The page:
It was exactly one week before my 18th birthday.
I know this because I can remember thinking to myself, “If my death ends up on the news, they’ll report that I was 17 when I really should be identified as 18.” It’s funny how, even an hour or two before my suicide attempt, I was concerned about something that trivial.
Funny too that I can remember something so irrelevant all these years later. I’ve tried, but I can’t forget what happened, even the little things. I remember where I was — a college classroom, watching an old film about civil war in New Guinea — when I decided how I would do it. I remember the car ride home, a few hours before it happened — a frigid night in the heart of a Michigan winter, the sky dark and empty — when I struggled to keep my eyes open, to form words. I remember when my boyfriend asked if I had any plans for the night, and I could only whisper lies. I remember the folk music I had playing while I was dying — a song called “Hospital Bed” by Seabear, the irony not lost on me — to distract myself from the emptiness of my lungs, the numbness of my hands, the pulse behind my eyes as I suffocated alone in a closet.
I remember these things, because nothing was the same after that night. Because I wasn’t the same after that night.
A gasp, a seizure, a blackout — waking facedown on the floor — my world shattered in a single moment.
It’s these memories that flash in front of me when a classmate says, “Sam, honestly, if I don’t get a B on this midterm, I’m going to kill myself.” It’s these memories that creep up on me when a colleague says, “If her book proposal gets the green light before mine, I’ll off myself.”
It’s these memories that shake me violently when someone carelessly says “I’ll jump off a bridge” or “I’ll shoot myself” or, the worst of them all for me, “I’ll hang myself.”
No, you won’t. But you’ll dig up the trauma of someone who almost did.
And it’s not the mere mention of suicide that gets me. It’s the flippant way it’s used, as if suicide is trivial or funny or unimportant. As if it isn’t traumatic. As if it isn’t horrifying. As if it hasn’t devastated the lives of survivors, victims and the people who love them.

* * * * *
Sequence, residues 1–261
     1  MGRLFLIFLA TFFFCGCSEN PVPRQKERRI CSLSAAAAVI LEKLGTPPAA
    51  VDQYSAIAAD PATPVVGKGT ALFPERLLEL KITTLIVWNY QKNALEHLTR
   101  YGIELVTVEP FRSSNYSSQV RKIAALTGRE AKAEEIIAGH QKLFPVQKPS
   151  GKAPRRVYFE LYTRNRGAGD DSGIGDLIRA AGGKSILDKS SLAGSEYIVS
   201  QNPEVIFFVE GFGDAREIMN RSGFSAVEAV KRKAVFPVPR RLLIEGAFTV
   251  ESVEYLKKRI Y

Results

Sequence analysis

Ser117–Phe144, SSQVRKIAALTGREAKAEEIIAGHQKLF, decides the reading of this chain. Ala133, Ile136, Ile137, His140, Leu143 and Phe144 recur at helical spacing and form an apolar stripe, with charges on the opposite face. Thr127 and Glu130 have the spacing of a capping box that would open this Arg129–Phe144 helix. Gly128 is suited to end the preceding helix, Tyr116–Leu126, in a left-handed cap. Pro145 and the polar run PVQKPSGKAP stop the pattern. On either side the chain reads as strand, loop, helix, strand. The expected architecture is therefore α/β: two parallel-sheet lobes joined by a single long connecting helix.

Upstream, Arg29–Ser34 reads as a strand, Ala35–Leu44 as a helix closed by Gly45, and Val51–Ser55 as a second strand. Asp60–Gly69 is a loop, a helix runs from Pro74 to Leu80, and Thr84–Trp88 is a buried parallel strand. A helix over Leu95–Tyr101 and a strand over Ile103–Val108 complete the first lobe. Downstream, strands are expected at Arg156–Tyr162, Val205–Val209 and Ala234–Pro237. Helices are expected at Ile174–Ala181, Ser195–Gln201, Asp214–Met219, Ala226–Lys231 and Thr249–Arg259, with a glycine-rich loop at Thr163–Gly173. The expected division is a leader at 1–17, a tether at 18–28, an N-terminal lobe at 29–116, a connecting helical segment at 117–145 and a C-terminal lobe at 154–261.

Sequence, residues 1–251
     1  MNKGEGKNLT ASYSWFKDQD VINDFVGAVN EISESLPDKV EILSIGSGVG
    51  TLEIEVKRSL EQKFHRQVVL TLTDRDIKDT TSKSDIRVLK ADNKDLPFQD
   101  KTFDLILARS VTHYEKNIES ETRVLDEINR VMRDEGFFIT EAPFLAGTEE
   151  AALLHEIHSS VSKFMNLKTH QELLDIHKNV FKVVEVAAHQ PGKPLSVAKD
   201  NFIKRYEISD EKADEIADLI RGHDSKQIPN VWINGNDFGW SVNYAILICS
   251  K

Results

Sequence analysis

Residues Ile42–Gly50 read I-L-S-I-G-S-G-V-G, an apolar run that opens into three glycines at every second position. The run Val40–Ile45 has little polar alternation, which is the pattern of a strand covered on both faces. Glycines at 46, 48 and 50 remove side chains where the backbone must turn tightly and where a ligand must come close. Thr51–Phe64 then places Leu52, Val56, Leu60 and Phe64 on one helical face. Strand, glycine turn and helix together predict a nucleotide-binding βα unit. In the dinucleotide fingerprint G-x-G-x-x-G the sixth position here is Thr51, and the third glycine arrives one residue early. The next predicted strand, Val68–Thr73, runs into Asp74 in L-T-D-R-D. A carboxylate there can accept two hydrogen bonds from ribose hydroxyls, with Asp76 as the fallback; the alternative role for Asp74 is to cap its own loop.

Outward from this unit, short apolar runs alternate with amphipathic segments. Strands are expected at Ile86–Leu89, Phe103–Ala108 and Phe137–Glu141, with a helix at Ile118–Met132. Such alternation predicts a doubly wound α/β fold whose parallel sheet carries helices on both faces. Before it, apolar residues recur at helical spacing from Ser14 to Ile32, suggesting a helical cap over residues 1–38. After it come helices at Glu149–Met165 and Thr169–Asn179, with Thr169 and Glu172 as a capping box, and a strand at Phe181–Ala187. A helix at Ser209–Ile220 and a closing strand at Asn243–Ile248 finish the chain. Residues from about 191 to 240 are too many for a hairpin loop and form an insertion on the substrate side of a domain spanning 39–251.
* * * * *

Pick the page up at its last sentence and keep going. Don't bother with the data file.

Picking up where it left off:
Taking the worst thing to have happened to some of us and making a mockery out of it just for the sake of exaggeration is so unnecessarily cruel. I still can’t understand why people insist on doing it. I wonder if they’d say the same of something like breast cancer, or are some tragedies simply more dignified than others?
As a survivor, when I hear jokes about suicide, it feels like being told that my pain doesn’t matter. I’m being told that no one sees or acknowledges the existence of survivors. And I’m being told that I should find suicide funny, after everything I’ve been through.
These jokes are not only re-traumatizing the survivors around us, but by trivializing suicide, they’re making it more difficult for people to speak up if they’re struggling.
After my attempt, I didn’t know where to turn. So for years I suffered silently, choosing to keep what had happened to myself, fearful I would be judged for what I had done. And I think it speaks volumes that, as a survivor, I felt I couldn’t talk about suicide, while the people around me felt free to make jokes about it.
There is something wrong with our culture if people are more willing to make jokes about suicide than they are to have honest and compassionate conversations about it.
There is something wrong with our culture if the people who actually do want to kill themselves or have tried can’t speak up, while the people who don’t can.
What that says to me is that we, as a culture, are not taking suicide and suicide survivors seriously. And when you jokingly say that you’ll kill yourself, that’s exactly what you’re saying too.
If you’re worried about yourself or a loved one, call the National Suicide Prevention lifeline at 800-273-TALK (8255).